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The decision makes it the only country in Europe not to authorise doses of the Oxford-produced jab for use. The Swiss medical regulator claimed there was a lack of data to reach conclusions on the efficacy of the COVID-19 vaccine. Approval of the jab had been widely expected by many in Switzerland.

SwissMedic said: "For the vaccine from AstraZeneca, the data available and evaluated to date are not yet sufficient for approval.

"In order to obtain additional data on safety, efficacy and quality, data from new studies are required."

The move runs counter to the decision made by the European Union's drug watchdog - which Switzerland is not a member - to green-light AstraZeneca's Covid jab last week.

But there is a growing list of EU countries refusing to allow the use of the vaccine in older people.
France, Germany, Italy, Sweden and Poland have all advised against use for people over a certain age.

SwissMedic said it will wait for further information from two clinical trials in North and South America before making a final decision.

Comment: Meaning the America's are knowingly using their population in one massive experiment:

It has vowed to move swiftly once the data is available.

Switzerland has approved the BioNTech/Pfizer and Moderna coronavirus vaccines for use.

Despite its wealthy medical industry, Bern has been sluggish with its attempt to roll out coronavirus jabs.

It has only managed to administer 315,000 doses of vaccines, at a rate of 3.64 per 100 people.

Comment: Switzerland was also slow to enforce a lockdown, and even then it only did so with limited restrictions. And now, thanks to Switzerland's constitution, a vote has been triggered to roll back any restrictions because the majority of people see them as an unnecessary threat to personal freedoms.

Despite a number of European countries moving against the AstraZeneca vaccine, its makers continue to defend the jab.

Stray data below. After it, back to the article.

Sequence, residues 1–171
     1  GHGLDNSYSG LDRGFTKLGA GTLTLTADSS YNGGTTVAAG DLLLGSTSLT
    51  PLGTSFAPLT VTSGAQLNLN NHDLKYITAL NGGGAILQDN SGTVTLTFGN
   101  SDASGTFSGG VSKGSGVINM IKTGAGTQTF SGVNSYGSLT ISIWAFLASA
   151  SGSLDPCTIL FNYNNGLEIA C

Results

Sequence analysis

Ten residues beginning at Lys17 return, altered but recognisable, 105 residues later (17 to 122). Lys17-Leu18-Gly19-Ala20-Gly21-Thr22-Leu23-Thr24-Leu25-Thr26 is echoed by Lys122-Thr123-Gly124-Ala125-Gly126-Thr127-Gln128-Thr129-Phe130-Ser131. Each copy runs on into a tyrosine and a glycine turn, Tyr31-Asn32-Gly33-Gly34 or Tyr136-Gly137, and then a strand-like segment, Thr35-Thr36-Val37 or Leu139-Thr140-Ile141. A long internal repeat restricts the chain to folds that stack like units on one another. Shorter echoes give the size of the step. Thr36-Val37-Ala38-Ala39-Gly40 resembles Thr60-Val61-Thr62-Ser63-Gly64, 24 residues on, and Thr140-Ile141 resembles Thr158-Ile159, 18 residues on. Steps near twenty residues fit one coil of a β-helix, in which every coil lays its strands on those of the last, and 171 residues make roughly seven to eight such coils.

Comment: Naturally...

Director Andrew Pollard, of the Oxford Vaccine group, said people should be reassure that the vaccine is safe and producing a "strong immune response" for older people.

He said: "I think the first really important point is that the European Medicines Agency has approved the vaccine for use in all ages in all countries in Europe.

"Our regulator, the MHRA, has approved for all ages and another 25 or so regulators elsewhere in the world have also approved the vaccine for all ages.

Comment: Note that many of these approvals were pushed through with emergency legislation, meaning governments acknowledged that they did not meet the usual safety criteria.

"But individual countries have their own committees, and they have to look at what vaccines they have available, what they make of the data and what's best for their population. And so that's obviously up to them."

As Europe lags behind Britain's vaccine, Commission boss Ursula von der Leyen accused the UK of cutting corners over safety.

She said Britain had only managed to get a head start over the bloc after compromising on "safety and efficacy" tests.

The German said leaving it late "was the right decision", adding: "It's a gigantic responsibility."

Britain secured a three-week head start over Brussels by taking responsibility for any future liabilities for vaccines.

Downing Street said the jabs were safe.